Tim Soens (University of Antwerp)
Inequality is not just about aggregate measures of income or wealth. Inequality is also about access to services and resources, and not all of these can be easily translated into monetary values. In this session we focus on the access to different kinds of resources – water, energy, green space - in European Cities from the Early Modern Period to the 20th century, questioning what they tell us about urban inequalities: did differences in the access to resources simply mirror existing inequalities? Are such inequalities planned or designed? How did control over resources offer possibilities for enrichment and social differentiation both within the city and between city and countryside? And how and when did ‘moral’ concerns about ‘just’ access to vital resources interfere with inequalities in access?
Dealing with Water Scarcity in Large Urban Households. Orphanages for the Poor and for the more Prosperous in Early Modern Amsterdam
Milja Van Tielhof (Huygens Institute for the History of the Netherlands), substitute presenter: Bob Pierik (University of Amsterdam/Vrije Universiteit Amsterdam)
Drinking Water, Environmental Conditions, Orphan Care
Recent literature acknowledges the uneven impact of water scarcity on social groups. Access to good drinking water more often than not differed according to the wealth of households and neighbourhoods (Janssens and Soens 2019, 96-97). This paper investigates the water use and provisioning of an exceptionally large household in Amsterdam, the Aalmoezeniersweeshuis, an orphanage caring for the children of the urban poor in the early modern period. Amsterdam was notorious for its lack of healthy water, due to pollution and salination. Water was imported by boat from dozens of kilometres away against considerable costs, and rain water was collected (Van Roosbroeck, 2019). But were these sorts of water also available for the poor? The Aalmoezeniersweeshuis is an interesting case study because it was the largest orphanage in the Dutch Republic, needing large amounts of water daily. What sorts of water did the orphanage use, for which purposes? What strategies did the regents of the orphanage apply to have enough good water, even in periods of general scarcity, and did they succeed? The paper includes a comparison with the Amsterdam Burgerweeshuis, an institution caring for orphans from more prosperous families, and hopes to contribute to the debate on the quality of orphan care in the Dutch Republic (cf. McCants 1997; Heerma van Voss and Van Leeuwen, 2012).
Heerma van Voss, L. and M.H.D. van Leeuwen, ‘Charity in the Dutch Republic’, Continuity and Change 27/2 (2012) 175-197.
Janssens, R. and T. Soens, ‘Urbanizing water. Looking beyond the transition to water modernity in the cities of the Southern Low Countries, thirteenth to nineteenth centuries’, in: T. Soens, D. Schott, M. Toyka-Seid and B. De Munck (eds), Urbanizing nature. Actors and agency (dis)connecting cities and nature since 1500 (Routledge: New York/London 2019) 89-111.
McCants, A.E.C., Civic charity in a Golden Age. Orphan care in early modern Amsterdam (Urbana 1997.
Roosbroeck, F. van ‘The water supply of early modern Amsterdam: A drop in the bucket?’ TSEG/The Low Countries Journal of Social and Economic History 16/2 (2019) 71-91.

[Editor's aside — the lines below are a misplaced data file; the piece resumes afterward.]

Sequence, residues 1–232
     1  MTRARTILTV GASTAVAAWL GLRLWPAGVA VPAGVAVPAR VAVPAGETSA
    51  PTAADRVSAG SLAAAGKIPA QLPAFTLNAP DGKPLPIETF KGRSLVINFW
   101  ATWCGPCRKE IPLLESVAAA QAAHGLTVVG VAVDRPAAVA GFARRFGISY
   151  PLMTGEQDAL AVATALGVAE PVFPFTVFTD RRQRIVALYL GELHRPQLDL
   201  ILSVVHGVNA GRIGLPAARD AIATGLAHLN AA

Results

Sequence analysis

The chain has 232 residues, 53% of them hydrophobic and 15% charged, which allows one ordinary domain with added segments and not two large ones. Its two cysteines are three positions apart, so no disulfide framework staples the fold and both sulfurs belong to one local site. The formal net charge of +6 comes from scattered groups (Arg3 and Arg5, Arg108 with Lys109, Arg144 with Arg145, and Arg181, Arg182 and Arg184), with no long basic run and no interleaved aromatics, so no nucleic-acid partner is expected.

Historic Inequality Accessing Urban Green Spaces: The Case of Madrid
Marta Quintana de Juan (University Complutense of Madrid)
Green Space, Public Space, Segregation
In the last decade, different studies show that Madrid has become the most segregated capital in Europe. The breach between rich and poor is getting bigger, and this difference has a morphological reflection between north and south, center and periphery and is also revealed in the access to the green public spaces –and its condition– that the capital has.
This inequality is not new, and can be traced in the history of our green spaces and in the evolution of the city’s urbanism.
If one looks at the different plans for the city in the 20th century, one can see the evolution of the green belt in the projects of 1929, 1946 or 1963 up to today’s proposal of a metropolitan forest that will be implemented in the next twelve years. In this project, it seems the south has many parks, but they’ve been reduced throughout the decades and its conservation is very degraded, especially when we compare it with the green areas of the richer neighborhoods. For example, if one compares in real life the state of El Retiro, a royal ground opened to the public in the 19th century and an obliged visit for tourists, with the park of Las Cruces, in Carabanchel, present in the plan of 1963 but only achieved later on thanks to the action of activists in the 70s, the differences are abysmal.
In a more recent project, the well-known and much celebrated Madrid Río, where national and international studios converged (MRIO arquitectos with West 8), the frontier of the river and the underground road (the M-30) was supposed to blur the boundaries of a middle-class neighborhood with a working class area, but the pandemic showed us that this diffusion was an illusion when children from the rich side of the river were allowed to play in the parks and the children from the poorer side couldn’t go to their playgrounds.
This paper intends to reflect on the historic evolution of the green spaces in Madrid, focusing on how their emergence, upkeep and access is very different depending on who they are destined for.